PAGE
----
Māori Party's Rawiri Waititi delivers haka for Te Tiriti before being sworn in to Parliament

Source: 1News

New Zealand got its first look at its new Parliament today after the election, as MPs were sworn in to their roles.

Māori Party co-leader Rawiri Waititi was among MPs in the House today. 

Prior to swearing the standard allegiances in his oath at Parliament, Waititi performed a haka in relation to the oath raising Te Tiriti o Waitangi.

Waititi has been calling for it to be included over the last few days. The current oath requires MPs to swear their allegiance to Her Majesty Queen Elizabeth II.

He said pledging allegiance to Tiriti o Waitangi and ngā hapū o Aotearoa prior to making the oath was getting out "what I needed to get out first".

"That is to ensure Tiriti o Waitangi is at the forefront of everything we do and the way we will conduct our business in this House."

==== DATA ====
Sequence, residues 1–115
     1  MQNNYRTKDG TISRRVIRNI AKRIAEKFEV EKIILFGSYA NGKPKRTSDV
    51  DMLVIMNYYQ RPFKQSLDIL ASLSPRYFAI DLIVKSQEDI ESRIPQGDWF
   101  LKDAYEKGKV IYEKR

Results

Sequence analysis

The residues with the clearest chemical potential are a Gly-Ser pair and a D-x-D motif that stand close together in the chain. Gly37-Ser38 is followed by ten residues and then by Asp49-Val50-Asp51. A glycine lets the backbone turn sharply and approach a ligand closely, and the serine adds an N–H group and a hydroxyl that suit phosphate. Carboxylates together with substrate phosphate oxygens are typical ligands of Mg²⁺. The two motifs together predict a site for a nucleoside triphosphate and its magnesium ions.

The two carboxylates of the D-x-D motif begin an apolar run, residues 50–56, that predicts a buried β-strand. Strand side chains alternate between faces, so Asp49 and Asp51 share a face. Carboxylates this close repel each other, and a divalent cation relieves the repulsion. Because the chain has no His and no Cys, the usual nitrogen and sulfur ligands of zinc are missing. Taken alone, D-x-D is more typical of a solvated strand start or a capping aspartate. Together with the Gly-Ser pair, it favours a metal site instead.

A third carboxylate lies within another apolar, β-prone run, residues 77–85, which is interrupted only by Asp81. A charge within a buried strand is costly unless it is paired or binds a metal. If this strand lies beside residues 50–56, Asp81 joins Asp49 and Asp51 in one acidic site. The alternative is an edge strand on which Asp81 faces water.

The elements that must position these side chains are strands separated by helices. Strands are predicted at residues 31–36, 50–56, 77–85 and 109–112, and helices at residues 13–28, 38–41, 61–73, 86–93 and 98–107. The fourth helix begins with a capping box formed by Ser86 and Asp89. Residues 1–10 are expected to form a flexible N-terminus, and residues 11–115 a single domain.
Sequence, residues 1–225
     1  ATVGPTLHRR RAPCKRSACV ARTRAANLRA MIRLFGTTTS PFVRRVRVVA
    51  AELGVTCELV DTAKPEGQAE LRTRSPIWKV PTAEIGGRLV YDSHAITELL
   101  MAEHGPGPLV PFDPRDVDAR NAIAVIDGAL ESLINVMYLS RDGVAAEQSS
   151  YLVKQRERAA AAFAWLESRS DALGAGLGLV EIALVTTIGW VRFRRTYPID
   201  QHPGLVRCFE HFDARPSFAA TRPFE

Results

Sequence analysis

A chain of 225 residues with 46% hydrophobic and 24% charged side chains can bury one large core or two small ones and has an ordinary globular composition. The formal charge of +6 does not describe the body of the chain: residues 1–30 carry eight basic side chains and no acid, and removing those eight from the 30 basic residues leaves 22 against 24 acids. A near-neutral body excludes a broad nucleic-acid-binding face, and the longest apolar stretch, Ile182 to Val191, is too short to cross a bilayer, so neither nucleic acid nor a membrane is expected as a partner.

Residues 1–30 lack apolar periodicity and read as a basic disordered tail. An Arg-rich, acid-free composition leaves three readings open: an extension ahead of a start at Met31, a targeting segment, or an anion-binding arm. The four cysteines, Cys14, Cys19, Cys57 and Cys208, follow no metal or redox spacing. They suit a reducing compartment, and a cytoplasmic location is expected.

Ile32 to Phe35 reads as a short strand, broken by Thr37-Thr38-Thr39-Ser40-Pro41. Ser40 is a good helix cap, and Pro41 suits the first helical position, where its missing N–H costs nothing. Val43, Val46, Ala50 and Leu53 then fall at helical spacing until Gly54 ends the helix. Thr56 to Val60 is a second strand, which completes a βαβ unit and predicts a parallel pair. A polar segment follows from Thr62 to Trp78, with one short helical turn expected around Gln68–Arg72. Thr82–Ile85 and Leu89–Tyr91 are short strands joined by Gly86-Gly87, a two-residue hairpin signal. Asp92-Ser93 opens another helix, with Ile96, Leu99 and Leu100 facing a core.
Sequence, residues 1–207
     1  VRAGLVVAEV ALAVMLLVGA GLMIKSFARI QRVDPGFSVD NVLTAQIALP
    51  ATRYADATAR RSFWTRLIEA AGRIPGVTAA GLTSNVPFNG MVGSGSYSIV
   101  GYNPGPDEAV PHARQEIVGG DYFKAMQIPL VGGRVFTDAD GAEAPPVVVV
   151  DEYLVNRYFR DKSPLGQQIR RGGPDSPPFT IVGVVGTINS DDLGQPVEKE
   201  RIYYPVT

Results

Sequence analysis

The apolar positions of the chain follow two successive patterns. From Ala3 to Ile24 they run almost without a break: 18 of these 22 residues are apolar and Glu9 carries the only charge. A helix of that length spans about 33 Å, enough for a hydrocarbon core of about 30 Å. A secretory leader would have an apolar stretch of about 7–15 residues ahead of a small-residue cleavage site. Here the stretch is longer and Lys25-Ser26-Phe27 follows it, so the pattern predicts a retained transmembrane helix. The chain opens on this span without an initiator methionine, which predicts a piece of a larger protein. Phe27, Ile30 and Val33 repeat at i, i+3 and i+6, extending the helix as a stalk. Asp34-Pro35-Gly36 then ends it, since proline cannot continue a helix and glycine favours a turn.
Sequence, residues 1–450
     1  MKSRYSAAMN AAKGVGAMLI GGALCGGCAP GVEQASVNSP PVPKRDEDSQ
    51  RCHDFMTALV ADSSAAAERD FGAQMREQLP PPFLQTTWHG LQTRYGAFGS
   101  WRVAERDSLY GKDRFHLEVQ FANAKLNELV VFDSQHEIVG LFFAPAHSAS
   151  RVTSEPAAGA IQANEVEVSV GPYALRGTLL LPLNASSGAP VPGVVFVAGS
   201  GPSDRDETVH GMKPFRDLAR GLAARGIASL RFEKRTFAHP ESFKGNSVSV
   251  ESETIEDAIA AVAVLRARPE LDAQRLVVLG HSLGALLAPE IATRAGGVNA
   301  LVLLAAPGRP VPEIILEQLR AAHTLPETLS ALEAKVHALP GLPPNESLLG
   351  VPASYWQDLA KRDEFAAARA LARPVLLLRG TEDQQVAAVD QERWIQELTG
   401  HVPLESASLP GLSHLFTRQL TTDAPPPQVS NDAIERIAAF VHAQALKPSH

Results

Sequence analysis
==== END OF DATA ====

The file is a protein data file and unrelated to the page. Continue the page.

He said he was not against the Queen and that if the oath also included Tiriti o Waitangi and ngā hapū o Aotearoa, "we would have no problem".

"But it's very unfair at this particular time to be swearing an oath to one partner of that Tiriti."

"We're going to do things different, we've started to do things different and we will continue to do things different."

Māori Party said it would be putting a Member's Bill forward, a proposed law that only goes through Parliament if pulled from the ballot, that includes the Tiriti o Waitangi in the oath. 

"We don't mind having Queen Elizabeth in there but there's no equality, no mention of the Treaty. And that's what the country was founded on, through consent," Waititi told AAP last week

"It silences our true oath, which is to our people."

The MPs today were sworn in at the Commission opening of Parliament this morning, taking either an Oath of Allegiance or an affirmation, many making their oath in te reo.

Labour's Phil Twyford, who has pre-arranged leave, was the only MP absent. 

Party leaders then congratulated Trevor Mallard on being re-elected as Speaker.

Tomorrow, maiden speeches of new MPs will begin at the state opening of Parliament.